Clostridium difficile is a Gram positive, anaerobic, spore-forming, rod-shaped bacterium that causes antibiotic-associated diarrhea in hospitalized and community-dwelling patients. Recent findings have suggested that this organism may be transmitted from animals to humans through the consumption of contaminated foods. Genotypic similarities have been found among C. difficile strains isolated from animals and humans. However, comparisons of the behavior of these two groups of strains at the physiological level have not been conducted in detail. This study sought to determine the prevalence of C. difficile in retail meats from Minnesota and to compare human and animal isolates by measuring the growth rate and their survival in meats during cold storage.
Meat samples were obtained from retail stores from Minnesota and consisted mainly of raw beef, pork, and poultry. These samples were analyzed for the presence of C. difficile by initial enrichment in Clostridium difficile moxalactam-norfloxacin (CDMN) broth, followed by ethanol shock, plating onto CDMN agar, and anaerobic incubation for 48 h at 37°C. Suspicious colonies were subjected to confirmation by colony morphology, Gram staining, and production of L-proline aminopeptidase. Growth rate parameters were determined for a total of 35 C. difficile strains isolated from humans and animals. Optical density was measured during exponential growth on brain hearth infusion broth at 37°C anoxically. The average growth rates of the two groups were then compared. A subgroup of 5 human and 5 animal strains was selected to assess the survival of C. difficile in meats during cold storage. C. difficile strains were inoculated onto ground meats to a level of approximately 105 CFU/g. Inoculated meats were stored at 4°C and -15°C for 5 and 20 days, respectively. C. difficile counts were determined at different times during storage by plating onto CDMN agar.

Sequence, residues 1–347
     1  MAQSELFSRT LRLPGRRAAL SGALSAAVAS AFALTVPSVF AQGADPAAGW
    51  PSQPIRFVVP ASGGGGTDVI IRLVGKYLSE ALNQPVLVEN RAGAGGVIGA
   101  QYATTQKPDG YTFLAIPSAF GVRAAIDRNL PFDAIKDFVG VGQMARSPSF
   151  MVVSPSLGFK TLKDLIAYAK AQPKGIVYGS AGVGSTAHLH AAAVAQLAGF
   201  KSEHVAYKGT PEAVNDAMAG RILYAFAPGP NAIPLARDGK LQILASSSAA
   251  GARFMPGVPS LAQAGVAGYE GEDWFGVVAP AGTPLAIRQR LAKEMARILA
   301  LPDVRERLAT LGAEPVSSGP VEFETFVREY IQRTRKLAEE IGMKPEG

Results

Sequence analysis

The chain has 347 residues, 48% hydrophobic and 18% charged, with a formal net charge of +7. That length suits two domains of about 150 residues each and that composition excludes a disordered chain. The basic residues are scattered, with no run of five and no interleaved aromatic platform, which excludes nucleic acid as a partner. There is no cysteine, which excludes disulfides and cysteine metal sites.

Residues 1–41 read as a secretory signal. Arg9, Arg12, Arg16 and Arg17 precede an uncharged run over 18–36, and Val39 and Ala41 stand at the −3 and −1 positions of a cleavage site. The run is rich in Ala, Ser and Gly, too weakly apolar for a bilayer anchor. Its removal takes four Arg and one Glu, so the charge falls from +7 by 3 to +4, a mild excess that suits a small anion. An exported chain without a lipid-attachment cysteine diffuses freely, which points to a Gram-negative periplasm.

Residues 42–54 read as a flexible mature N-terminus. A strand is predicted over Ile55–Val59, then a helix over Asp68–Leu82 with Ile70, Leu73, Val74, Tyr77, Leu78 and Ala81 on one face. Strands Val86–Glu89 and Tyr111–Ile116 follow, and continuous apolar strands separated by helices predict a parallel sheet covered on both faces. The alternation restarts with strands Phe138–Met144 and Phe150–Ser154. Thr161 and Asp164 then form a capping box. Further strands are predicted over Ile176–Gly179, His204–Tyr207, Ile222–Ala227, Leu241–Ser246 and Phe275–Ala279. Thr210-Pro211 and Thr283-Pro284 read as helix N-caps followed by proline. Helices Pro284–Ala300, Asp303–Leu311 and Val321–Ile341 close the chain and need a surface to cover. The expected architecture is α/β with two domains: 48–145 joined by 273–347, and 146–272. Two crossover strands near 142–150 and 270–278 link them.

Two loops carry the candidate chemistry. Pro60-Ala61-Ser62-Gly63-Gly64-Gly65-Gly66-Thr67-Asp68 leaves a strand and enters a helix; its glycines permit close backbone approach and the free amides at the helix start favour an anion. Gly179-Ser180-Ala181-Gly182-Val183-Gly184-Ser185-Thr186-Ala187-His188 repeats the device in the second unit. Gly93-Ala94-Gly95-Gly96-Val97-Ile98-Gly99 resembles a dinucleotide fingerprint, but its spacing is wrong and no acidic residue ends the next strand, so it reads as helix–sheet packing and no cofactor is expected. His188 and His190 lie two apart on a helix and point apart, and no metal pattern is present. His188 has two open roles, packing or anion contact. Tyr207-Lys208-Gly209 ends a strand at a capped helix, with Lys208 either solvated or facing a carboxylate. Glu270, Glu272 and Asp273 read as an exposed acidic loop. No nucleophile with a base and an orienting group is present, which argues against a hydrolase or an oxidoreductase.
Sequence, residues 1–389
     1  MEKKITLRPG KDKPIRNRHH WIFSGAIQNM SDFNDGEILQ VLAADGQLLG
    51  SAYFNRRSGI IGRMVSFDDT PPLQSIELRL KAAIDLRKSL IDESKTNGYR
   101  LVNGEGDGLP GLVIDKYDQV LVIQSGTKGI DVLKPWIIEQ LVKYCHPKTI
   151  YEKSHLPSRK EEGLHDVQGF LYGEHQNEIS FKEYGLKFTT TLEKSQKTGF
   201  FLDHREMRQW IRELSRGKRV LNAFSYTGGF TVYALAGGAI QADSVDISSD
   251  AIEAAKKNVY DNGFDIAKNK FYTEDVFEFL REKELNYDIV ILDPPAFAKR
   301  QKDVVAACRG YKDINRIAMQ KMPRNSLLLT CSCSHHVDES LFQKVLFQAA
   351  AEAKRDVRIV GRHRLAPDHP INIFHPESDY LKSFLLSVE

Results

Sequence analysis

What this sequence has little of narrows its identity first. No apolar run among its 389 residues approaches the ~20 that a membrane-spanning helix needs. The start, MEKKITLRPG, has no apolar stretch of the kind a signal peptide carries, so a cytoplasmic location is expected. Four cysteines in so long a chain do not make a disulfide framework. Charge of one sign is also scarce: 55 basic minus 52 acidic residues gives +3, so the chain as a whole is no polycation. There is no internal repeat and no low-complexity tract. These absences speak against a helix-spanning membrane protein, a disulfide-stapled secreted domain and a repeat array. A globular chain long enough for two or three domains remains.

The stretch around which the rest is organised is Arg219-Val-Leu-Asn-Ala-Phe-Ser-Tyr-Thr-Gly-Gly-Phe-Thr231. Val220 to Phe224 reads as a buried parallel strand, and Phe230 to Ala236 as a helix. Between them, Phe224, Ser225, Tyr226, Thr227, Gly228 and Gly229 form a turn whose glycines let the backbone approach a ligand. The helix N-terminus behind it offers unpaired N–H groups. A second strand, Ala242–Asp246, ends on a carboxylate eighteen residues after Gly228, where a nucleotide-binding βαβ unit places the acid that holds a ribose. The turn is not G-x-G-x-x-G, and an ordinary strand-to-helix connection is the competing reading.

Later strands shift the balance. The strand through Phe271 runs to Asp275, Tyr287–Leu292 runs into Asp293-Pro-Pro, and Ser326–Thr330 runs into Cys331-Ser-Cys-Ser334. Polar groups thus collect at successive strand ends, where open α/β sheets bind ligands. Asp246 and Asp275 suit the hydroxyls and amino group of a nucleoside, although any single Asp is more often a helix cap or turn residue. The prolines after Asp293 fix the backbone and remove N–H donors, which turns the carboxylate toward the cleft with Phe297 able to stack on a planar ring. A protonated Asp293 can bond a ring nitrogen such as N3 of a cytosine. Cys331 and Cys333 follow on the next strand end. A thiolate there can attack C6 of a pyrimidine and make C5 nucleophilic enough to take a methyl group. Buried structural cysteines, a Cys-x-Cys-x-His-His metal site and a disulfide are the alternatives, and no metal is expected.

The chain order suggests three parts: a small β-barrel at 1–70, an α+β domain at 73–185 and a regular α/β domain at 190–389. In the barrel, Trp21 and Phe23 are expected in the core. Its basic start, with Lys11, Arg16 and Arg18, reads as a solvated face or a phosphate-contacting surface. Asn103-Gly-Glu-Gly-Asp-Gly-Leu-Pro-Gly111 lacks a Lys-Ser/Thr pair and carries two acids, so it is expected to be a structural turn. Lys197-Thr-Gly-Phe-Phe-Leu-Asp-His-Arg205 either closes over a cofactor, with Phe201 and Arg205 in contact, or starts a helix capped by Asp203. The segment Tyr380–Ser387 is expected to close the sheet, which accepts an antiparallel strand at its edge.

A total of 342 raw meat and poultry samples were collected from 5 different counties in central Minnesota from 25 retail stores. Twenty nine samples had CDMN-presumptive colonies, but none of them were confirmed as C. difficile C.I. 0-0.013% of meats positive for C. difficile at a 95% level. The average growth rate of 22 human strains at 37°C was 0.52± 0.25 h-1, which was not significantly different from the value for 13 animal strains (0.62± 0.15 h-1) (p>0.05). Counts of C. difficile strains inoculated on ground beef and chicken diminished during storage at 4°C and -15°C. Overall reduction in bacterial counts was not significantly different between human and animal strains. These findings suggested that C. difficile was not commonly present in retail meats from Minnesota. C. difficile strains isolated from animals had similar growth rates at 37°C as the strains from human origin. C. difficile viable counts diminished over time during refrigeration and freezing of inoculated meats. Additionally, the methodology used in the present study was effective in recovering C. difficile from artificially inoculated meats.
University of Minnesota M.S. thesis. August 2013. Major: Food Science. Advisor: Francisco Diez-Gonzalez. 1 computer file (PDF); ix, 82 pages, appendix A.
Sepulveda Diaz, Rocio Veronica.
Prevalence of Clostridium difficile in retail meats from Minnesota and comparison of growth and survival of human and animal isolates.
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